14 V.I.C. § 184 (2013)

§ 184. Animal neglect in the second degree

(a) Any person who intentionally, knowingly, recklessly or negligently fails to provide adequate care for an animal in such person's custody and such failure causes the animal needless suffering shall, for every such offense, be guilty of a misdemeanor punishable by a fine of up to $500 and up to one hundred (100) hours of community service.

(b) If any domestic animal is at any time confined and continues to be confined without necessary food and water for more than 24 consecutive hours, it is lawful for any person designated by the Department of Agriculture, or any peace officer from time to time, as may be considered necessary, to enter into and upon any pound or area in which the animal is confined, and supply it with necessary food and water so long as it remains so confined. Such a person is not liable for the entry and may collect the reasonable cost of the food and water from the owner of the animal, and the owner is subject to enforcement of a money judgment for the reasonable cost of such food and water.

HISTORY: --Added May 5, 2005, No. 6731, § 1, Sess. L. 2005, p. 145; amended May 28, 2005, No. 6732, § 14(5), Sess. L. 2005, p. 153.
14 V.I.C. § 185 (2013)

§ 185. Future animal custody and counseling

(a) If a person is convicted of any offense defined in sections 181, 182, 183 and 184 of this chapter, the court shall, in addition to any other sentence or penalty imposed, enter an order enjoining the person from acting as a custodian of any animal for a period of not less than five years from the date of sentence, or from the person's release from custody, if a term of custody is imposed, or for a greater period, up to twenty years, in the discretion of the court. To the extent that the duration of an order coincides with the term of, probation imposed, as a result of such conviction, a violation of an order shall be treated as a violation of probation, and punished as such; otherwise, any violation of an order shall be treated as criminal contempt of court and punished as such.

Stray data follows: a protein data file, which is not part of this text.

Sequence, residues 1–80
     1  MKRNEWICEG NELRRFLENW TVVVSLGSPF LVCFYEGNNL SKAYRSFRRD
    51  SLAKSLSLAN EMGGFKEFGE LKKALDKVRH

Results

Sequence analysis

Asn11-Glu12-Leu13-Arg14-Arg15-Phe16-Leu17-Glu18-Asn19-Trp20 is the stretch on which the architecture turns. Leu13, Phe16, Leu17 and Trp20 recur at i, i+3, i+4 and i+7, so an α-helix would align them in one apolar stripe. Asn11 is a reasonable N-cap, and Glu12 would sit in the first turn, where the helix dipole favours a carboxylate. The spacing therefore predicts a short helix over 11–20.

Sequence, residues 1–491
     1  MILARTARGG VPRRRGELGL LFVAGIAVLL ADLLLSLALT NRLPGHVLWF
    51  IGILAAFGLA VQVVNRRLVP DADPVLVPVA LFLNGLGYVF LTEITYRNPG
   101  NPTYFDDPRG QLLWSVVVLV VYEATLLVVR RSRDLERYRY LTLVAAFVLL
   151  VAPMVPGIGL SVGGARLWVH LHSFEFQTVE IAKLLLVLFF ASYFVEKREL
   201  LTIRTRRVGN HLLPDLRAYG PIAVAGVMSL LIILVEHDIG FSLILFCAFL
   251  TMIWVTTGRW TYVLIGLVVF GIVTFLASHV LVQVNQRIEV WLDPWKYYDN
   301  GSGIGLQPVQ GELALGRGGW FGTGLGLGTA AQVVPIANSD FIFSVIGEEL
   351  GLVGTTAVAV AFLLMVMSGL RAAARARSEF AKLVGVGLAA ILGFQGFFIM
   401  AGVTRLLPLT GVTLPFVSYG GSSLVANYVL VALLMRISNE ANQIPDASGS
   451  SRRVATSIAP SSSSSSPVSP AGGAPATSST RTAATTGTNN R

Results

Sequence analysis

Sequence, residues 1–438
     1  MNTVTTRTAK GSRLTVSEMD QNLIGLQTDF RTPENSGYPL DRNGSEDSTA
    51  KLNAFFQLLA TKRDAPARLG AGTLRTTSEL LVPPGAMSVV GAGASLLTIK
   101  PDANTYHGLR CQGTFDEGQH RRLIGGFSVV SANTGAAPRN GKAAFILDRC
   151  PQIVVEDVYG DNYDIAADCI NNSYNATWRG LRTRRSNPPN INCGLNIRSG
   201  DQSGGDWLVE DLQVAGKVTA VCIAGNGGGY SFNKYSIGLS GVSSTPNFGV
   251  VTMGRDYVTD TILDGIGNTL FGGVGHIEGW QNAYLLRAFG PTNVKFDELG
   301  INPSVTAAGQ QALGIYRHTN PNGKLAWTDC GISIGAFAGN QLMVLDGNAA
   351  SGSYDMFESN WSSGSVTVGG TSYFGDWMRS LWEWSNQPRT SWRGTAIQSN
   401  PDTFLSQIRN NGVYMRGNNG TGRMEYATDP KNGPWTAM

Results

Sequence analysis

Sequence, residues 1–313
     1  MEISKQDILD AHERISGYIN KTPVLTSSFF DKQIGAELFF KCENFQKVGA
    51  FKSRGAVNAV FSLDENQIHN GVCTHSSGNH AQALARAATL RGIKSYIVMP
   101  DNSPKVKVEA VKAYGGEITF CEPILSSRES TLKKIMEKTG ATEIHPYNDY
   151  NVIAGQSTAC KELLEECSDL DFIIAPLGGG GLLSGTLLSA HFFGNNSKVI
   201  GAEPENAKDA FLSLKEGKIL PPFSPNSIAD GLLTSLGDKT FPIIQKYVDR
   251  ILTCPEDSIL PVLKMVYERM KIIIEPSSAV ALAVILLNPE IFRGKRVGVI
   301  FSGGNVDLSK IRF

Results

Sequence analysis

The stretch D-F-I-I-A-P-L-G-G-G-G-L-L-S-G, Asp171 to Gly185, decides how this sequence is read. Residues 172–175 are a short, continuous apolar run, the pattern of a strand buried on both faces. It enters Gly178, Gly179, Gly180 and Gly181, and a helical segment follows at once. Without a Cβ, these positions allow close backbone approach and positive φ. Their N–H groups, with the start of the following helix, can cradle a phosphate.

(b) (1) If a defendant is granted probation for a conviction under this section, the court shall order the defendant to pay for, and successfully complete, counseling as determined by the court, designed to evaluate and treat behavior or conduct disorders. If the court finds that the defendant is financially unable to pay for the counseling, the court may develop a sliding fee schedule based on the defendant's ability to pay. An indigent defendant may negotiate a deferred payment schedule, but shall pay a nominal fee, if the defendant has the ability to pay the nominal fee.

(2) The counseling specified in paragraph (1) of this subsection shall be in addition to any other terms and conditions of probation, including any term of imprisonment and any fine.

HISTORY: --Added May 5, 2005, No. 6731, § 1, Sess. L. 2005, p. 146; amended May 28, 2005, No. 6732, § 14(6), (7), Sess. L. 2005, p. 153.

14 V.I.C. § 186 (2013)

§ 186. Animal Abuse Fund